Joining the Store Geographical Data with Sales Data
I wanted to join the store geographical data (i.e., location information) with the sales data to be able to do my normal work in Tableau. My first attempt was to join the two csv files in Tableau. This didn’t work due to the Jet driver limitations, so I chose to join the data sets together using Alteryx. This worked perfectly but created a new csv file that now had about 50 fields per record at 20 M records, which was greater than 4 Gb in size. With the sales and store attribute data combined into one file, a lot of extra overhead was introduced to the problem. Now this file was too large for Tableau to create an extract, so I was back to being unable to perform my work.
The next time I encounter this type of situation, I would not do the join in Alteryx. I’ll simply load the store data and the sales data into two separate SQL databases and let Tableau do the join for me to avoid the extra overhead created by the joining of the two files in advance. In other words, there is no reason to carry the 25 fields of store attribute data like latitude and longitude across 20M records since the attribute data does not change over time.
Getting the Data Into SQL
I am not an SQL guru, so the steps explained in this section are from the perspective of a relative novice. I have done work on various SQL platforms such as postgreSQL, but I haven’t had the need to do much programming in SQL because the data I use typically gets shipped to me in flat file formats and Tableau has been able to handle just about anything I have thrown at it. Until now, that is. So to get this data set into Tableau, I had to load an SQL platform, load the data into a database, and link Tableau to this database. This took me a couple of hours to do.
First, I had to download the 1 GB+ Microsoft 2014 SQL behemoth. Comprehending this system is a bit like learning to speak Icelandic within a week. If you don’t already know about the Icelandic language, it is purportedly one of the most difficult languages to comprehend and speak, unless you are an autistic savant like Daniel Tammant. Learning the Microsoft SQL parlance might be easier than what Daniel had to do, but probably not by much. Installing the 2014 version of SQL is an adventure, as explained in this blog post. Luckily I have done enough installations through the years to get it done and I had an operating SQL platform within an hour.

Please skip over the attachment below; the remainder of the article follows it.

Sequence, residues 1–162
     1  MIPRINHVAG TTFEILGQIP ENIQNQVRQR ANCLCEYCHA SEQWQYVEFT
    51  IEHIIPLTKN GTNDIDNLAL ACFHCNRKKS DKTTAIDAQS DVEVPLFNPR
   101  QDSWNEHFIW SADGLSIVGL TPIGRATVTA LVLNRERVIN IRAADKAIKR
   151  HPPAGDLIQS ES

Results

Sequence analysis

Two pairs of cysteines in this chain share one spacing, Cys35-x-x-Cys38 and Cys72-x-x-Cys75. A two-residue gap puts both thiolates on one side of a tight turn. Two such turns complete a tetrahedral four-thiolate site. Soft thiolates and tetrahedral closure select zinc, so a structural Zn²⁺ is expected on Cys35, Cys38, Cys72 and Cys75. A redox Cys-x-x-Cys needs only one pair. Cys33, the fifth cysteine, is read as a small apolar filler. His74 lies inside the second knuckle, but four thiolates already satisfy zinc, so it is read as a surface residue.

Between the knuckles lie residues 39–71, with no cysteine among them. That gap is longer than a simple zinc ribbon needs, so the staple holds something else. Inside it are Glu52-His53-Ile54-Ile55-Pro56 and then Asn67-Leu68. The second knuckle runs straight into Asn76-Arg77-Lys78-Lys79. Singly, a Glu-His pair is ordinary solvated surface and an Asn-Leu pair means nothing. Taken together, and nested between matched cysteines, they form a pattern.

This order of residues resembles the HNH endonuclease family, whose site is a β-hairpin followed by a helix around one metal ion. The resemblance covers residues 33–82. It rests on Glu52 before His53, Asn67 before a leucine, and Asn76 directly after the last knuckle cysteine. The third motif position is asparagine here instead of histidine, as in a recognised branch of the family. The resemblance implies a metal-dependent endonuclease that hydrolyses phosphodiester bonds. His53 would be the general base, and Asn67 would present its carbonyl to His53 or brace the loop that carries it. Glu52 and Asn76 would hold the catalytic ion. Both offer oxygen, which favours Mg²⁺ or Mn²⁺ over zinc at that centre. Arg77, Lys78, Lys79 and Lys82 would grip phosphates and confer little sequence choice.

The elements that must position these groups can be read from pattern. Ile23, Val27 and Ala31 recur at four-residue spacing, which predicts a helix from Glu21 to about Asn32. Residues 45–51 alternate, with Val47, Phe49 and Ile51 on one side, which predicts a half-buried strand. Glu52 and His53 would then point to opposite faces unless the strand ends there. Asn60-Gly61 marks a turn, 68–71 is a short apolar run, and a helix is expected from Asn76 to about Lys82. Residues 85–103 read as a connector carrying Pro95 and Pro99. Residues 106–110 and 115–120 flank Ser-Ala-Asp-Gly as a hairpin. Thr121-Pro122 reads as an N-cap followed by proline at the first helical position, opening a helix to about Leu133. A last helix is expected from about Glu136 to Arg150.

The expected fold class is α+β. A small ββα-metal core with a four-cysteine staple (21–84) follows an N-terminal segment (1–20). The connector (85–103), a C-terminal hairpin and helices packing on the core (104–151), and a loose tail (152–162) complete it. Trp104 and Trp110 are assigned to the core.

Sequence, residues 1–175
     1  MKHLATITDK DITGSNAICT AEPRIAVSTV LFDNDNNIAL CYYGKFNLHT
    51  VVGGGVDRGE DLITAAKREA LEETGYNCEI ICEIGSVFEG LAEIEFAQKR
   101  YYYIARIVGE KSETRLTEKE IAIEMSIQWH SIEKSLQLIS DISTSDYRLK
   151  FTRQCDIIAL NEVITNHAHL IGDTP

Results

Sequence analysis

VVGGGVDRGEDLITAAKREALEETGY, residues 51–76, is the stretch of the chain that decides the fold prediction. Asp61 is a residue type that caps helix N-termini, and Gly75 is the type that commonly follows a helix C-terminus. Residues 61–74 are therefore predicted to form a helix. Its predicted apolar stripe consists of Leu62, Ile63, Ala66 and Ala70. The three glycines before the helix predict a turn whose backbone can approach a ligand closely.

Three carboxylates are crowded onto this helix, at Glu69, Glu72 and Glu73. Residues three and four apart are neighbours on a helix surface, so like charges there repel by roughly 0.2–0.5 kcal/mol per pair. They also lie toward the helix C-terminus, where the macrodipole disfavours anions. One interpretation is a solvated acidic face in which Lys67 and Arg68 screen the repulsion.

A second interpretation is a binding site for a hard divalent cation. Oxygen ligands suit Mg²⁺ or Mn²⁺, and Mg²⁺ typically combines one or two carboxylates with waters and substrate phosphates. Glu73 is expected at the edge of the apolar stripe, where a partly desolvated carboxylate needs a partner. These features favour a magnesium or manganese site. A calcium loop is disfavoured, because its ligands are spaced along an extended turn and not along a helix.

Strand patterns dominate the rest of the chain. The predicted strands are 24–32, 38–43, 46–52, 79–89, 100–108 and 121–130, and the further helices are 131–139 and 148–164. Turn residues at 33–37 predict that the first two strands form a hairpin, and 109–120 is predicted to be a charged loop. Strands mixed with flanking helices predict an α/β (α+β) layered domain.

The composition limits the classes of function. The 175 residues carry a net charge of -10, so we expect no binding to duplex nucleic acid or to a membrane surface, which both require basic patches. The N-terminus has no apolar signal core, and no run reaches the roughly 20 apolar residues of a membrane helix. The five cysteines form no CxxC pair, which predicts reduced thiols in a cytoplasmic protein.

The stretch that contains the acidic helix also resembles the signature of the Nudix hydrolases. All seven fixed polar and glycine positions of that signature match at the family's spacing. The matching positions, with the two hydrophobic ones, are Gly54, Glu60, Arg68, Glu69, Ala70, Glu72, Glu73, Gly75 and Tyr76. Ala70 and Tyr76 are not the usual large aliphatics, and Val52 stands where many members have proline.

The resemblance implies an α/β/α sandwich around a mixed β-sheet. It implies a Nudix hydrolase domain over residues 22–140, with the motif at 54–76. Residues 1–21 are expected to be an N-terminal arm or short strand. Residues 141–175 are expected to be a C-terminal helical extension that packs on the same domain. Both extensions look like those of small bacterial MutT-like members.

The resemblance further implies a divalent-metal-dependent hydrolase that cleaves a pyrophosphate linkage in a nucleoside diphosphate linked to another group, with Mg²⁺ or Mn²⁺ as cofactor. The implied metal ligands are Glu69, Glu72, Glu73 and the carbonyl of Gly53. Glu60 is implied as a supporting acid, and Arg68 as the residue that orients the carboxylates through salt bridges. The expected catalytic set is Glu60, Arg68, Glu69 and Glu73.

The second step involved using the 2014 SQL Server Import and Export Data utility. Using this program, I was able to load the 20M database into an SQL database for usage with Tableau. The speed of import was decent as it took only a few minutes to load the file. The utility was not very flexible in specifying the incoming field data types, however, and this shortcoming became a clear limitation in step three of my process.
In the third step, I connected Tableau to the SQL database. This was relatively easy to do and I only had to make a couple of guesses to get it done. The primary problem became very clear once Tableau created the extract. All fields in the SQL database were viewed by Tableau to be strings and every one of them was placed on the dimensions shelf. Why was this the case? Well, apparently, the Import and Export data utility does not do any automatic data type recognition during the csv import. Every field in my example was treated as a varchar string of length 50. Not only is this handling of the data inefficient and inaccurate, it is highly wasteful of disk space! To be able to use the data in Tableau, I had to use the Tableau data conversion functions and place the fields on the proper dimension and measure shelves. This was not a lot of fun to do and adds significant overhead to this Tableau file.
Upon further reading and a tip from Zen Master Jen Underwood, it became clear that the MS Import and Export data utility can be configured to be more efficient by importing data by using a “schema.ini” file. In this file, each data field is specified prior to import so that the SQL database is loaded with the proper data types. When searching for an example of this file, however, I drew a blank and had to pass on this step because I had real work to do. I will figure out how to do this and document the process in this blog post at a later date.
I was able to get my big data example loaded into Tableau by using the 2014 MS SQL Server platform. This platform will allow me to continue using large data sets with Tableau. I still have a lot to learn to be more efficient with this work flow but for now, I’m moving on to testing the new Tableau version 8.2 database driver.
As a sneak peak at part two of this blog post, I just completed loading this business example into Tableau version 8.2 and comparing it to version 8.1. This example is the pre-blended >4 Gb data file generated from Alteryx, with over 0.75 billion pieces of data included in the file. Tableau 8.1 created the extract in 13:08 and Tableau 8.2 created the extract in 6:49, for a wonderful speed improvement in creating the data extract of nearly 50%. Additional testing on data joins are ongoing and will be reported in part 2 of this post.